Breyer: Faith in reason, or faith in force?
Supreme Court Justice Stephen Breyer, in a campus talk, describes the law as a 'tapestry' held together by citizens' willingness to keep it from unraveling
| 16 April 2009
BERKELEY — U.S. Supreme Court Justice Stephen Breyer, one of the world's most powerful jurists, issued a modest plea for justice and reason at International House last week, portraying the rule of law as "a subtle thing" that depends upon the willingness of citizens to follow it — and the determination of governments to enforce it.
Law "is not God-given," he affirmed, nor is it "a sure thing" that even the decrees of the highest court in the land will ever be implemented. Here in the United States, "the most you can say, or hope to say, is that the tendency to follow the law has helped."
The San Francisco native (and Stanford grad), speaking Friday at the invitation of the Blum Center for Developing Economies, all but apologized for "my narrow parochial view" as a jurist, and for lacking expertise in poverty and development policy. "Even though you are not lawyers, you would invite a lawyer and a judge to come speak to you," he told his appreciative, frequently charmed audience. "That's broad-minded, and I thank you."
Breyer, appointed to the Supreme Court in 1994 by President Bill Clinton, is generally regarded as moderate-to-liberal. Discussing his book Active Liberty in 2005, he explained the title by telling NPR that "democracy works if — and only if — the average citizen participates."
In the first of two campus appearances — he was scheduled to preside over a moot court at the law school this Tuesday — Breyer cited the efforts of nine African American students to take their places at Little Rock Central High School in 1957, three years after the high court's landmark decision in Brown v. Board of Education. Despite the desegregation ruling, Arkansas Gov. Orville Faubus deployed the National Guard to block the students from entering the building.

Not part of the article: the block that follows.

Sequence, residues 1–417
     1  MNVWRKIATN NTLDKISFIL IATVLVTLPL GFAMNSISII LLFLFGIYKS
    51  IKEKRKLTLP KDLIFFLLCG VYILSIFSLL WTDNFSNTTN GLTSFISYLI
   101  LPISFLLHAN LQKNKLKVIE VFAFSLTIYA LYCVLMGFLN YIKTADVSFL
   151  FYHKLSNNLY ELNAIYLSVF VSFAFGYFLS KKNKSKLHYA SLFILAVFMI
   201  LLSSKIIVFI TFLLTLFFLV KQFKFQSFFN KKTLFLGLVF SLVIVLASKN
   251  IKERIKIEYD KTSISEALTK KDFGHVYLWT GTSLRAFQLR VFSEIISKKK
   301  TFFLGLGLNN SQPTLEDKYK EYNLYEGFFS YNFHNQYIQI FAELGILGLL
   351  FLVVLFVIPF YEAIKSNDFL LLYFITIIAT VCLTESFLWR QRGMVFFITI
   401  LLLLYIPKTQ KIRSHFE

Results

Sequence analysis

(Peg Skorpinski photo)
"We had nine justices" who signed the unanimous Brown decision, noted Breyer. "But they didn't have the militia. It was Governor Faubus who had the militia."
It took President Dwight Eisenhower, he added, to send in the army's 101st Airborne Division to enforce the court's ruling. "That," said Breyer, "was a great day for the rule of law."
"Some progress has been made" over the course of U.S. history, he observed. In the 19th century, for example, the Supreme Court ruled that the Cherokee Nation had a constitutional right to remain in Georgia. But President Andrew Jackson, siding with white settlers who coveted Indian land, said, "Let's see them enforce it."
By contrast, the court's decision in Bush v. Gore — which upheld Florida's awarding of its electoral votes to George W. Bush in 2000, thereby sending him to the White House — was implemented with "no riots," and without the need for the kinds of extraordinary action called for in hotly disputed cases of times past.
The point, Breyer made clear, was not that the decision was correct, but that it was adhered to, however unsatisfying the result. "Hey, I didn't like Bush v. Gore. I dissented. All right?" he quickly added, drawing the biggest applause of the afternoon.